Related In: Results  -  Collection

Show All Figures
getmorefigures.php?uid=PMC2172906&req=5

fig1: Hesperadin causes polyploidy in HeLa cells. (A) Chemical structure of Hesperadin. (B) Hesperadin (50 nM) was added to logarithmically growing HeLa cells (day 0). At the indicated time points, the DNA content was determined by flow cytometry, and phase contrast micrographs were taken. From day 4 on, the DNA content could not be measured by flow cytometry (n.a., not applicable). (C) HeLa cells were synchronized by double thymidine treatment and released either into 100 nM Hesperadin (right) or a corresponding concentration (0.01%) of the solvent DMSO (left). Cells were harvested at the indicated time points after release, and the DNA content was analyzed by flow cytometry. 330 nM nocodazole was added to one sample of each series, and these cells were harvested at 14.5 h after release from thymidine. log, logarithmically growing untreated HeLa cells. (D) Samples from the same experiment as in C were analyzed by SDS-PAGE and immunoblotting.
Mentions: In the course of a synthesis program for novel indolinones, we tested the effect of several compounds on cell proliferation. One of these, Hesperadin (Fig. 1 A; Walter et al., 2002), had dramatic effects; HeLa cells treated with 50 nM of Hesperadin stopped proliferating but did not stop growing, and over a 6-d period, the cell diameter increased more than sevenfold (from ∼20 to >150 μm; Fig. 1 B). During this time, the cells acquired enlarged lobed nuclei (see Fig. 4 i). FACS® analysis revealed that the increase in nuclear size correlated with polyploidization, reaching a 32C DNA content on day 3 (Fig. 1 B; unpublished data). At later stages, FACS® could not be used to analyze these cells, presumably because they had grown too big to enter the measuring capillary.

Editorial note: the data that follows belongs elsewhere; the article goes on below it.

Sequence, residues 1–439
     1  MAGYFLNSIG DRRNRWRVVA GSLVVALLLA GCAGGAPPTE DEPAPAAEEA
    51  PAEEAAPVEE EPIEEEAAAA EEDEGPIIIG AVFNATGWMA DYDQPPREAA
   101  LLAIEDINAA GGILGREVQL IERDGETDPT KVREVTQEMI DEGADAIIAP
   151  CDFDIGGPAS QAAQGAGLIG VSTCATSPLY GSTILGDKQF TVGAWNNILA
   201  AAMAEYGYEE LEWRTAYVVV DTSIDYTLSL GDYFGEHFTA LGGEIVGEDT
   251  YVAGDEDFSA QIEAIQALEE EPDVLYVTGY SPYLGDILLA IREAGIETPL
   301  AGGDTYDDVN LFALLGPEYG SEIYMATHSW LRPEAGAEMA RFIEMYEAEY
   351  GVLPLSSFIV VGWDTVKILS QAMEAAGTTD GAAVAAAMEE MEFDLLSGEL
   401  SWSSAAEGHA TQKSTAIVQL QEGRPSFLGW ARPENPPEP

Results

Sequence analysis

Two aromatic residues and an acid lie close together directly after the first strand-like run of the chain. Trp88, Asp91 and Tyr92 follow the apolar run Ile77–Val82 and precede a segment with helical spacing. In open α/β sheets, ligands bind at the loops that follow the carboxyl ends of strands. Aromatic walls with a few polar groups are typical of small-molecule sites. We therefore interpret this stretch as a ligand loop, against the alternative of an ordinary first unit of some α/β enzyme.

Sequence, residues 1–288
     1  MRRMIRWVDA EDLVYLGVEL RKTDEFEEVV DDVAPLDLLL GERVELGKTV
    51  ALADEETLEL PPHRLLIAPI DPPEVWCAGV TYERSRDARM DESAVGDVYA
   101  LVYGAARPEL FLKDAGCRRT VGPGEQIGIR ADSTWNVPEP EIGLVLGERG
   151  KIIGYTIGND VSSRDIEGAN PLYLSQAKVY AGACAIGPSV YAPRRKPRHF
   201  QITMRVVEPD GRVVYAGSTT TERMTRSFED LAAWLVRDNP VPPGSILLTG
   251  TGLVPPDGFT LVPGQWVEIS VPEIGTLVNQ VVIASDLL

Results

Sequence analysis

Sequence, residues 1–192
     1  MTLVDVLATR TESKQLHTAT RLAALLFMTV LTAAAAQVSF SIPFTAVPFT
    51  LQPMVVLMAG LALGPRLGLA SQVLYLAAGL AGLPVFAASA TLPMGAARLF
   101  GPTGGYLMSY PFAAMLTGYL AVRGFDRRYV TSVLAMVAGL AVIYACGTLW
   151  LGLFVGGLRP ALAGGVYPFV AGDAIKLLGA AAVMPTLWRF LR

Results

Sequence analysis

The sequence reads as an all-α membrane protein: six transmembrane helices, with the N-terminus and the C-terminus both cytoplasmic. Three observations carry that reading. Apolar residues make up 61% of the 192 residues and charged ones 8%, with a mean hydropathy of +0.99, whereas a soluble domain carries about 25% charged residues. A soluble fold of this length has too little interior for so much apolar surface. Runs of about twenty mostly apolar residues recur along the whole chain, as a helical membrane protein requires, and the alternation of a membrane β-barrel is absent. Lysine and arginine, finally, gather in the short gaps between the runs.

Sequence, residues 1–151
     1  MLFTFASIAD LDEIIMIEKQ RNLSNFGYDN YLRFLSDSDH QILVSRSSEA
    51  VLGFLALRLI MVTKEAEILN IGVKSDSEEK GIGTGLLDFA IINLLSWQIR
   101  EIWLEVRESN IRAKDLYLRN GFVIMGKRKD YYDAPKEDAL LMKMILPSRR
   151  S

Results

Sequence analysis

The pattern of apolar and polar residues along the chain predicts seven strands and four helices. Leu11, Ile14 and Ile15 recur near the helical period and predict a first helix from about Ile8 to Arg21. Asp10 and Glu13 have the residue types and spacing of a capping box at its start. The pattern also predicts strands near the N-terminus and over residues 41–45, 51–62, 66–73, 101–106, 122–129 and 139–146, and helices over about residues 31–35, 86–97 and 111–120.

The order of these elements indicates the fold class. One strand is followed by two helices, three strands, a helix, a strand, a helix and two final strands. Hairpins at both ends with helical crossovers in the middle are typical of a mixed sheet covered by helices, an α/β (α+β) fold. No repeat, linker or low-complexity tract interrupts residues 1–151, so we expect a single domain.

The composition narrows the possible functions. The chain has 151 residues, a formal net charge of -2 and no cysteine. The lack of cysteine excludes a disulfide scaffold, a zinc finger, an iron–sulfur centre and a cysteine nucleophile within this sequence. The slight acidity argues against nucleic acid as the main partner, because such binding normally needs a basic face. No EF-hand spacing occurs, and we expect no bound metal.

Bottom Line: We have identified the small molecule Hesperadin as an inhibitor of chromosome alignment and segregation.Our data imply that Hesperadin causes this phenotype by inhibiting the function of the mitotic kinase Aurora B.Hesperadin also causes cells arrested by taxol or monastrol to enter anaphase within <1 h, whereas cells in nocodazole stay arrested for 3-5 h.

View Article: PubMed Central - PubMed

Affiliation: Research Institute of Molecular Pathology, Dr. Bohr-Gasse 7, 1030 Vienna, Austria.

ABSTRACT
The proper segregation of sister chromatids in mitosis depends on bipolar attachment of all chromosomes to the mitotic spindle. We have identified the small molecule Hesperadin as an inhibitor of chromosome alignment and segregation. Our data imply that Hesperadin causes this phenotype by inhibiting the function of the mitotic kinase Aurora B. Mammalian cells treated with Hesperadin enter anaphase in the presence of numerous monooriented chromosomes, many of which may have both sister kinetochores attached to one spindle pole (syntelic attachment). Hesperadin also causes cells arrested by taxol or monastrol to enter anaphase within <1 h, whereas cells in nocodazole stay arrested for 3-5 h. Together, our data suggest that Aurora B is required to generate unattached kinetochores on monooriented chromosomes, which in turn could promote bipolar attachment as well as maintain checkpoint signaling.

Show MeSH